Add the IBM repo, update (if you already had it), and download the chart into ibm-diagnostics-tool-chart folder:

$ helm repo add ibm
"ibm" has been added to your repositories
$ helm repo update
$ helm fetch ibm/ibmcloud-iks-debug --untar --untardir ./ibm-diagnostics-tool-chart

Make sure kubectl is set up correctly (kubectl get nodes should work). By running the following, the helm will generate the .yamls, which you then apply directly to your cluster. No Tiller installed:

$ helm template --namespace ibm-system --name my-debugger ./ibm-diagnostics-tool-chart/ibmcloud-iks-debug/ | kubectl apply -f -

(It will create a service account, role binding, daemonset, and the debug tool itself.)

Make sure the pods are running:

$ kubectl get pods -n ibm-system |grep my-debugger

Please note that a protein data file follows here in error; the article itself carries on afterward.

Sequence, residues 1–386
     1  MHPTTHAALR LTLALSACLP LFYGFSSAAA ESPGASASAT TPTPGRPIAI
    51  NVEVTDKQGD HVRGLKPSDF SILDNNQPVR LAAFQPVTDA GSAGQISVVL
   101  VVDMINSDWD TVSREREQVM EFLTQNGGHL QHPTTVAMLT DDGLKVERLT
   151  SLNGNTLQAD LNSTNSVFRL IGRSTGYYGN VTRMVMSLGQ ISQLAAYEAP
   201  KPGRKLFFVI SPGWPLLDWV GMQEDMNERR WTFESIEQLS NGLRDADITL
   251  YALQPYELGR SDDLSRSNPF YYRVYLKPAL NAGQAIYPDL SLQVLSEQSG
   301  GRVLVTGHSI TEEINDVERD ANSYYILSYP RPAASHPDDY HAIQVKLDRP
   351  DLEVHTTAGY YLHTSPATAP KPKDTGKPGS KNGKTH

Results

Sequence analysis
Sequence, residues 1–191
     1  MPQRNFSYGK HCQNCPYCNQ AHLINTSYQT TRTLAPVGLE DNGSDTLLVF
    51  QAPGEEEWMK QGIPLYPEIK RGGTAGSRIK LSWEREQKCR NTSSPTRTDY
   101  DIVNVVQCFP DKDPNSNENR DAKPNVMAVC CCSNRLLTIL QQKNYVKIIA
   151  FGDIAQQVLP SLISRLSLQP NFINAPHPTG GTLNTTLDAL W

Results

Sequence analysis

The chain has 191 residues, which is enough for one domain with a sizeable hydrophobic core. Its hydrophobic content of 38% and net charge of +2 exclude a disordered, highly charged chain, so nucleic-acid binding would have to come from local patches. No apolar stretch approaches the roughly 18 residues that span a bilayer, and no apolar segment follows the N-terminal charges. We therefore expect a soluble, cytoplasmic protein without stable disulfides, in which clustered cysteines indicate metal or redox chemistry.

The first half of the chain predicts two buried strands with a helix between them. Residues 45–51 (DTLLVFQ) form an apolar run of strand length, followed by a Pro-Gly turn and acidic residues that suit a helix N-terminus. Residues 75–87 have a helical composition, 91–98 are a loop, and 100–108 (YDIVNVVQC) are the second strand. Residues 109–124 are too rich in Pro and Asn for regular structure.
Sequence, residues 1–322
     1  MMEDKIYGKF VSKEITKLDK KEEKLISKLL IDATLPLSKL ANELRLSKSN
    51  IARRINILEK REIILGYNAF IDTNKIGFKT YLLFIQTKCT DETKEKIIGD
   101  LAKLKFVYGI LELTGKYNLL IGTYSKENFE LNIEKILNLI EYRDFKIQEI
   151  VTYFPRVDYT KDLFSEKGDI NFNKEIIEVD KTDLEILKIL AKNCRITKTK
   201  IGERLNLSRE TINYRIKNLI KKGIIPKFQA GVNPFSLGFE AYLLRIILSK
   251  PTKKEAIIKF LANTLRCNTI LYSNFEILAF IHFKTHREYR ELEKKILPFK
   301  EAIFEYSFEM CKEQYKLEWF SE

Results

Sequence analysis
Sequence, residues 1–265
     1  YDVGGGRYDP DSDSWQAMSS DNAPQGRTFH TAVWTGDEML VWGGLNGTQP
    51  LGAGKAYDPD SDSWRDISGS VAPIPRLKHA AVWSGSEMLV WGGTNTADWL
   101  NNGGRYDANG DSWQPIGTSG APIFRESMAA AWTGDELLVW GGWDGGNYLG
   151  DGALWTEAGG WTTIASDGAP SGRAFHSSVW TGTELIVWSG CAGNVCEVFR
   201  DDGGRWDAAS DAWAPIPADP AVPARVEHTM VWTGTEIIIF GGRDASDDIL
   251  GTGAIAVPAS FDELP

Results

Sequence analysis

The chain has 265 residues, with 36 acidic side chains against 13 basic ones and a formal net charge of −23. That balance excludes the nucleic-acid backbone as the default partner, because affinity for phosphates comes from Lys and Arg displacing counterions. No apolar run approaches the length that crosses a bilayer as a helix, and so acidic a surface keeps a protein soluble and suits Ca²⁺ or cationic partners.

my-debugger-ibmcloud-iks-debug-55d86f766c-v95b7 1/1 Running 0 116s
my-debugger-ibmcloud-iks-debug-check-state 0/1 Completed 0 116s
my-debugger-ibmcloud-iks-debug-daemonset-czdzc 1/1 Running 0 116s
my-debugger-ibmcloud-iks-debug-daemonset-klbsc 1/1 Running 0 116s
my-debugger-ibmcloud-iks-debug-daemonset-qsmp5 1/1 Running 0 116s
my-debugger-ibmcloud-iks-debug-validate-tests 0/1 Completed 0 116s

From here you can just follow the documented steps and run the kubectl proxy:

$ kubectl proxy --port 8080

Then, open the debug tool UI in your browser:

$ open \



We hope this tool will accelerate and simplify the process of finding issues and get you to faster resolution of problems. Please give us feedback and tell us what tests you would like to see in the future.

Contact us

If you have questions, engage our team via Slack by registering here and join the discussion in the #general channel on our public IBM Cloud Kubernetes Service Slack.

Chief Architect, Networking – IBM Cloud Kubernetes Service

Cale Rath

Networking, Diagnostics Tool Dev Lead — IBM Cloud Kubernetes Service